Central District of California largely denies motion to dismiss putative class action lawsuit against electric vehicle maker | Shearman & Sterling LLP
On December 2, 2021, Judge Cormac J. Carney of the United States District Court for the Central District of California largely denied a motion to dismiss a securities class action lawsuit against a manufacturer of electric trucks (the “Company”) allegedly misled investors by overestimating its production capabilities and its chances of winning a multi-billion dollar contract to revamp the US Postal Service (“USPS”) delivery fleet in violation Sections 10(b) and 20(a) of the Securities Exchange Act of 1934. Farrar v Workhorse Grp., Inc., no. 2:21-cv-02072 (CD Cal. 2 Dec. 2021). The plaintiff alleged that the company made false and misleading statements in 2020 and early 2021 regarding the viability of the company’s bid for the USPS contract and the company’s “backlog.” The plaintiff also alleged that the company made misrepresentations regarding its use of Payroll Protection Program (“PPP”) funds provided by the federal government during the COVID-19 pandemic. The court denied the company’s motion to dismiss all claims except the P3s.
In 2017, the USPS selected the company, along with five other manufacturers, to provide prototype electric vehicles for evaluation. The claimant alleges that although the company was able to deliver the required six prototype vehicles, it did not have the manufacturing capacity to produce additional trucks like the prototype. Additionally, the plaintiff alleges that the prototype vehicle “experienced failures during testing, making it unlikely that the USPS would select its prototype for production.” In January 2021, President Biden announced his goal of replacing the government fleet of vehicles with electric vehicles assembled in the United States. Shortly after, the plaintiff alleges that an executive of the company conducted several interviews in which he said that President Biden’s announcement was an indication that the company would be awarded the multi-billion dollar contract with USPS. After the USPS announced on February 23, 2021 that the contract had been awarded to another US company, the company’s shares fell from $28.29 to $12.50 per share, ending the day at 16.43 $.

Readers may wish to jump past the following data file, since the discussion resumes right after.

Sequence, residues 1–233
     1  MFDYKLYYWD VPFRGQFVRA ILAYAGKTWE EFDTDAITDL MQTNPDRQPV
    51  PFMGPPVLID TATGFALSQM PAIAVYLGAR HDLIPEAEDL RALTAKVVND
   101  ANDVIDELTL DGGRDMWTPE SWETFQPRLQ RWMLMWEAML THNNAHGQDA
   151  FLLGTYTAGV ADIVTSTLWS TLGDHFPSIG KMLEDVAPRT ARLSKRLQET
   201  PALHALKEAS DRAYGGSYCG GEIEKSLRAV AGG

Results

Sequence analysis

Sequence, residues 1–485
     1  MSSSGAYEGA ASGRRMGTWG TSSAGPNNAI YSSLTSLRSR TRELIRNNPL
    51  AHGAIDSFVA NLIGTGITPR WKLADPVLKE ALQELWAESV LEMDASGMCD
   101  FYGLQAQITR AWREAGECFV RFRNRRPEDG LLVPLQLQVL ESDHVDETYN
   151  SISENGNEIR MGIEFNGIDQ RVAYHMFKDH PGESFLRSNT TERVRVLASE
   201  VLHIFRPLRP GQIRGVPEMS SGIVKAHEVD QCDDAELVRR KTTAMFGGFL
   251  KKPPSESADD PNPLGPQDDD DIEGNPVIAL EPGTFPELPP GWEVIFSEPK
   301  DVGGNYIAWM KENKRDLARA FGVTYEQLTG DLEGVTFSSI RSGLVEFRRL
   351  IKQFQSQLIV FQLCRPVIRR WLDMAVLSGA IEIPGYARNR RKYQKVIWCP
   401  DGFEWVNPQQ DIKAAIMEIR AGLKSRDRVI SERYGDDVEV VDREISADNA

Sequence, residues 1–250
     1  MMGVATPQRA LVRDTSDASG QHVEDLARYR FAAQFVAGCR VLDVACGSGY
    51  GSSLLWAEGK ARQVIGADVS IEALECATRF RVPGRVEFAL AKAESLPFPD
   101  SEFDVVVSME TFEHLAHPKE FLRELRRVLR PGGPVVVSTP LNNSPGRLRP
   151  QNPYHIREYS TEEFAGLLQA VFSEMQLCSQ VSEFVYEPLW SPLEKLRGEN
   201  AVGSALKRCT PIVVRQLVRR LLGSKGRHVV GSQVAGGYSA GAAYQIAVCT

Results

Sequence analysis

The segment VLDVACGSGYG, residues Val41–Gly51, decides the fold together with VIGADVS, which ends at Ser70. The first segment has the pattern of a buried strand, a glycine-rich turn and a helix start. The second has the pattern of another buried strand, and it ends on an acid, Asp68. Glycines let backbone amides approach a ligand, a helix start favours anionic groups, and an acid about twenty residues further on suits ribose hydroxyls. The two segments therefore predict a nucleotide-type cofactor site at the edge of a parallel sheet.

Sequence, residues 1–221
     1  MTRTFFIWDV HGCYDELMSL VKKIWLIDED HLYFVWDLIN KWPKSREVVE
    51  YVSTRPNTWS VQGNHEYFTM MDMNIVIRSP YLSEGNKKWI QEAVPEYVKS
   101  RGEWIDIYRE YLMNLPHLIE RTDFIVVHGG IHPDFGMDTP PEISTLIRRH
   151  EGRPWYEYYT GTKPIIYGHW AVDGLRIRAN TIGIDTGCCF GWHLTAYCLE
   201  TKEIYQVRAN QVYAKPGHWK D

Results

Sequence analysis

Plaintiff alleged that four categories of the company’s statements were false or misleading: (1) statements indicating that she was still a viable candidate for the USPS contract when the company knew she had little or no chance of get it; (2) misrepresentations regarding its manufacturing capacity, including that the Company could produce hundreds of vehicles per year, when in fact it could not; (3) misrepresentation that the Company had a “backlog” of vehicle orders, which created the illusion of firm customer orders when they were actually conditional, cancellable or unrealistic; and (4) misrepresentations regarding its use of PPP funds for payroll purposes when those funds were allegedly used to pay executive bonuses.